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Updated on Friday, January 18, 2019
During the mortgage loan application process, a letter of explanation may be requested. The lender may ask a borrower to provide this letter if something on the credit report needs explaining, such as an increase in debt or a missed payment. Such financial stresses could be caused, for example, by a recent job loss that suddenly reduced income, but that’s not apparent to a lender without further explanation.
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Sure, this letter may seem intimidating if you have to explain your past financial mistakes or struggles to a lender, but being asked for one shouldn’t be feared. The letter can help enhance your home loan application by allowing the lender to get to know you better so that you come across as an honest and reliable applicant.
What is a letter of explanation?
Now that you know a letter of explanation shouldn’t be considered scary, let’s discuss what exactly it is and how it comes into play. When something on your credit report may need more clarification, such as a late payment or a bankruptcy filing, a lender may request more information by having you write a letter. In this letter, you have the opportunity to explain any financial problems you’ve had in the past. If you present your situation correctly and honestly, you can show the lender that you are responsible with your money and will be able to financially commit to a mortgage.
Each lender takes a risk when approving a borrower for a new mortgage. This means that in order for your mortgage loan to be approved, certain underwriting requirements must be met, including investigating a borrower’s financial background. All Federal Housing Administration (FHA) mortgages need to follow the guidelines of the U.S. Department of Housing and Urban Development (HUD). These requirements include looking into the borrower’s “collections and judgments” history, which could affect creditworthiness and ability to make on-time mortgage payments.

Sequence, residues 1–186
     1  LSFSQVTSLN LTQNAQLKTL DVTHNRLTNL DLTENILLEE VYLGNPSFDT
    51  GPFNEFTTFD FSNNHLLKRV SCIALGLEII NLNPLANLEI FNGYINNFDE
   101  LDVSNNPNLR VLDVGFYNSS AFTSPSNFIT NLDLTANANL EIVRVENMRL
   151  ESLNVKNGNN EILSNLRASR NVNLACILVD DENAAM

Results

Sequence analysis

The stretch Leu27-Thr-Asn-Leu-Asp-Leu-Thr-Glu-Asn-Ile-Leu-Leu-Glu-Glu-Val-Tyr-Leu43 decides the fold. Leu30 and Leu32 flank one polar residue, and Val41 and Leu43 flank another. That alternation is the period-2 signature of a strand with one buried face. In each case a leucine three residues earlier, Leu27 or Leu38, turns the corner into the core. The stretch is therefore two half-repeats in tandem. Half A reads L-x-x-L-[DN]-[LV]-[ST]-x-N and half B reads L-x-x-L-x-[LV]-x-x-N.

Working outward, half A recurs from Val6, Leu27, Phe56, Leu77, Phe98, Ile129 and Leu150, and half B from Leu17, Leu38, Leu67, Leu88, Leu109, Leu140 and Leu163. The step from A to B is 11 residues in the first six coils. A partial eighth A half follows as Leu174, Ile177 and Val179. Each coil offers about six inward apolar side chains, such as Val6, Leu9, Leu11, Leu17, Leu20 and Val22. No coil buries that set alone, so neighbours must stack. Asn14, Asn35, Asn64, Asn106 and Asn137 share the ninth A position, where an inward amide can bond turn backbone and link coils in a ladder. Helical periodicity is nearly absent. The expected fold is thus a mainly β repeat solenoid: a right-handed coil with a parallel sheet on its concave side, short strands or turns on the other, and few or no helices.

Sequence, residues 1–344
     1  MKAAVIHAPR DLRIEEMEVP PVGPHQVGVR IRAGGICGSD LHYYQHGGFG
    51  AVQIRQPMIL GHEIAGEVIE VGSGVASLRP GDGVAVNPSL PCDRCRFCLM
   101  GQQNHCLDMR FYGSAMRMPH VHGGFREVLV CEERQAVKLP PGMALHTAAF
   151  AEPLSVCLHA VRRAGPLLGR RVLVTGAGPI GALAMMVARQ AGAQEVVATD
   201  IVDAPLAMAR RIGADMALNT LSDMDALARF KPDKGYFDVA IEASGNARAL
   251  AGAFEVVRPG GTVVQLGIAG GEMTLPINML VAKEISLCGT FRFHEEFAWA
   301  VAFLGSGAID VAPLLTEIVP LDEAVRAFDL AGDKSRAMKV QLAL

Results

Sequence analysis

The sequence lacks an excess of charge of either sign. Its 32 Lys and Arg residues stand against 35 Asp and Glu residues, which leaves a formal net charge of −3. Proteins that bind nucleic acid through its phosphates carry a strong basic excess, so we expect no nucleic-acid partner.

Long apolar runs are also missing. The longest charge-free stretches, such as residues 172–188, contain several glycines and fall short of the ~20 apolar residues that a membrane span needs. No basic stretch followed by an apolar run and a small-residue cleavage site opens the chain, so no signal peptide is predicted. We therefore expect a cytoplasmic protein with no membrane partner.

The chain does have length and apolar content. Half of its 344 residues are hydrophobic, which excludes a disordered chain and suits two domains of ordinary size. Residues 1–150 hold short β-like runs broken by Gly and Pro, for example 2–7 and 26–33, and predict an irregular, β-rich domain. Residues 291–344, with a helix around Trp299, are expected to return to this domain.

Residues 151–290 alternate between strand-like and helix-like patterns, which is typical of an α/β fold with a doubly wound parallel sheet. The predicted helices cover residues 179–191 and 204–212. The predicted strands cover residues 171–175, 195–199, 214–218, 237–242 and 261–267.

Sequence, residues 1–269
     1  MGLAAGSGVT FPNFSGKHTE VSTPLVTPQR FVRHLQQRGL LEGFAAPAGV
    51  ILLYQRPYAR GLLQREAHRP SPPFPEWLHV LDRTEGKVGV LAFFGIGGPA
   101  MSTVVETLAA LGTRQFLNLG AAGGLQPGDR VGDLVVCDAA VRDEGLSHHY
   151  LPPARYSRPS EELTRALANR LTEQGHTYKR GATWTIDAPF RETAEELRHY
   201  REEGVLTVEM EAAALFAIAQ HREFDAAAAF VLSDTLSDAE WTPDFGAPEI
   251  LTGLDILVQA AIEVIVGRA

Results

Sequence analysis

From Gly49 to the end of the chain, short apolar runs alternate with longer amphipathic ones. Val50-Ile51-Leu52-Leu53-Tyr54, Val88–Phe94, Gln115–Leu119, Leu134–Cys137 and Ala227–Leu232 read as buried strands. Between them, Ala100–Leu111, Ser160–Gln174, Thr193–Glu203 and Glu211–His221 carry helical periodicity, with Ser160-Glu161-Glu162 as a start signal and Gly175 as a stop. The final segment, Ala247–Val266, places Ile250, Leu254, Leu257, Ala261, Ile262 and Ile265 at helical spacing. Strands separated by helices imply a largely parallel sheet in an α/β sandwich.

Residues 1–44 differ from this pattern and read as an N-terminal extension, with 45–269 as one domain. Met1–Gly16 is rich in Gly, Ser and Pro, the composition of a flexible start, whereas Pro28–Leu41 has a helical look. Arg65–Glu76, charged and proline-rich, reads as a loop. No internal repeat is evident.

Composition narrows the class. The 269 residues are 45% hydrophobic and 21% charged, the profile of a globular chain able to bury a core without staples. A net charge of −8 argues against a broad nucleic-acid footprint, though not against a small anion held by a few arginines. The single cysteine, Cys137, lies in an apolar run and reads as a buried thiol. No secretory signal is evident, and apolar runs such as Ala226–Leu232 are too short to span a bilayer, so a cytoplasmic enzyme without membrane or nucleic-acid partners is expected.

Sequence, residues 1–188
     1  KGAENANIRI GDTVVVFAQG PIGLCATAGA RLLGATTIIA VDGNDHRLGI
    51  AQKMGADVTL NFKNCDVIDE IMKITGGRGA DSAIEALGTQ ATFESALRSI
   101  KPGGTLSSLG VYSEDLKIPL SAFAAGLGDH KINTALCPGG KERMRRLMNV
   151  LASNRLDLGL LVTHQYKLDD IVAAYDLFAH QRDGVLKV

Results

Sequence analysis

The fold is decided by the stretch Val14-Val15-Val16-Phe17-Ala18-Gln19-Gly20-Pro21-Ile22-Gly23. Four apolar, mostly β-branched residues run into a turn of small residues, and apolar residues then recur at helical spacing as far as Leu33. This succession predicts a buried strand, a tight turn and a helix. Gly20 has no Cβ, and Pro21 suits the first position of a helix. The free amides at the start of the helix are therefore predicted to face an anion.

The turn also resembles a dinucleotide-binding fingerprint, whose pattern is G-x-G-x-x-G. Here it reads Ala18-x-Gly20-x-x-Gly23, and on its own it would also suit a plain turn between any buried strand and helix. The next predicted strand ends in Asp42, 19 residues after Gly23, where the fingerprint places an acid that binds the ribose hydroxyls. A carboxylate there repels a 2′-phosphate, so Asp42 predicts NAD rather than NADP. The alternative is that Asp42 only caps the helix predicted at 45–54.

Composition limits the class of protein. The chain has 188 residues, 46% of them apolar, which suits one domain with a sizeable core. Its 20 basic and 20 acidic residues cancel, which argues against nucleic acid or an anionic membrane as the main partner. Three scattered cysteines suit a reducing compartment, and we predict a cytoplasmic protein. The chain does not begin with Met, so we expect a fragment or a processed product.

By writing a letter of explanation, you can present the reasons behind any negative marks on your credit history by supplying the facts — what happened and why — while also offering specific documentation to help explain the situation in more detail. Describing in your letter how you went about fixing your past financial issues can also show the lender you are able to handle your mortgage now by learning from financial errors in the past.
Why might a lender request a letter of explanation?
In the general sense, a lender might request a letter of explanation simply to gather more information to clarify and determine a borrower’s eligibility. However, there are many specific reasons why a lender may request such a letter from a borrower. Let’s take a look at some of the most common reasons behind a letter request.
- Address change or discrepancies
An incorrect address or one that has recently changed may require more details outlining a recent move or perhaps a change in living situation due to a divorce.
- Job change
A change in job or recent unemployment can have a negative impact on your finances (for example, not being able to keep up with monthly credit card payments) and may need to be discussed. If this is the case, you’ll likely also need to provide proper documentation, which can include anything from your tax returns to a job termination letter.
- Income change
It’s important to show lenders that you can make your monthly mortgage payments with reliable income. If there was a decrease in income when you left a company to start your own, for example, you may need to explain this, along with the steps you took to pay your debts since that time.